The years after 1921 are very important because of the evidence that arises. At some point in 1922 or 1923, Mary met Arthur Harold Harwood. He obviously swept her off her feet because in 1923 she had a son, Lindsay Gordon Harwood. She remained with Arthur and they had another child, this time a daughter, Ailsa Katharine Harwood on 26 September 1924 in East Coolgardie. She married Arthur on 29 July 1925 and on 13 January 1926 she gave birth to Arthur William Harwood.
Throughout all these years Mary’s mother was most likely suffering from the illness pernicious anaemia. At the time there was no known cure of the disease and on 17 August 1927 she passed away at only 50 years of age. She was buried the next day in Fremantle Cemetery and her obituary appeared in The Daily News a few days after that. Edith was highly respected within the district and was noted to have a “bright and genial disposition” which helped her make a large circle of friends. The obituary also states that she was survived by one daughter. This daughter was Mary and she was not listed as being a part of the funeral cortege.
It is Edith’s death certificate which lists the full name of her daughter: Elizabeth Veronica. But it was an electoral roll which relates to Mary which slides the last piece of the puzzle in place. She first votes on 19 December 1931 in the Australian Federal Election. Living at 4 Benporath Street in Victoria Park, she gave her name: Vera Harwood.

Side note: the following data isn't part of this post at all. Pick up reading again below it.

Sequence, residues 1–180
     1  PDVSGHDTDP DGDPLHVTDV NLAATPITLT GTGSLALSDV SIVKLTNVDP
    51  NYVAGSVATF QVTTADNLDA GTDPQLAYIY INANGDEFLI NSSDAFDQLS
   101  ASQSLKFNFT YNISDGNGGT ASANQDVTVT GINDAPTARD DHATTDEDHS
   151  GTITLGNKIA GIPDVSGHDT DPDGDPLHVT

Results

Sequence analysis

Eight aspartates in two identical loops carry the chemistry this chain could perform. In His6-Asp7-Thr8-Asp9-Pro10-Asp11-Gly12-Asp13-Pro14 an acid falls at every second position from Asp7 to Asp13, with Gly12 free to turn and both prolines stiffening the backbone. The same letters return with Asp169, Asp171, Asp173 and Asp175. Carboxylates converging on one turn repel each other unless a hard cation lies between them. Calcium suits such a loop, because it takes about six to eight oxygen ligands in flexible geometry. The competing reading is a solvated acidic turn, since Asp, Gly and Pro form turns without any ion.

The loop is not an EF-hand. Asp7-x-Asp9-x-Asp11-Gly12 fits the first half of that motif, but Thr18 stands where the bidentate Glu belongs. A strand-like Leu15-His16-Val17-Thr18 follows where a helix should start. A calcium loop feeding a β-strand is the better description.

The records further indicate that there was some confusion as to what Mary’s name actually was. Once, she voted as Vera. Twice, she used the name Ivy. In later years she used her registered name, Mary Elizabeth. Certificates for her future twelve children (four of whom died in infancy) show that sometimes she was Ivy, sometimes she was Mary Elizabeth, sometimes she used the surname Theakston and sometimes Attwood. As an example, my Nan’s death certificate states her mother’s name to be Ivy Attwood.
The possibility that she was adopted has also been pondered but I feel that this is something that is doubtful. The idea of a married couple adopting a child was not uncommon but the idea of a single young woman adopting a child in an era where children before marriage was frowned upon is highly unreasonable. There’s also the evidence of Mary’s grandmother, Emily. Emily Freeman was most likely born Emily Head; the illegitimate daughter of Ellen Head and William Dale. Though by all appearances she grew up under the care of Bell Freeman (and adopted his surname) it looks as if she still knew who her mother was and who her half siblings were. Perhaps it was Emily who was concerned enough to send her daughter away to escape gossip but being aware of her own situation and upbringing, did not wish Edith to give her baby up entirely (see my previous post, Deciphering Clues # 1 and Deciphering Clues # 2).
The truth is, despite all the questions, I haven’t got an answer. Mary remained silent regarding her past for her entire life and it may be that the truth of her childhood, her mother and father, the life she lived before she met Arthur and even the reason why she appears to have never seen her family again will forever remain a mystery, and I will have to be content with imagination.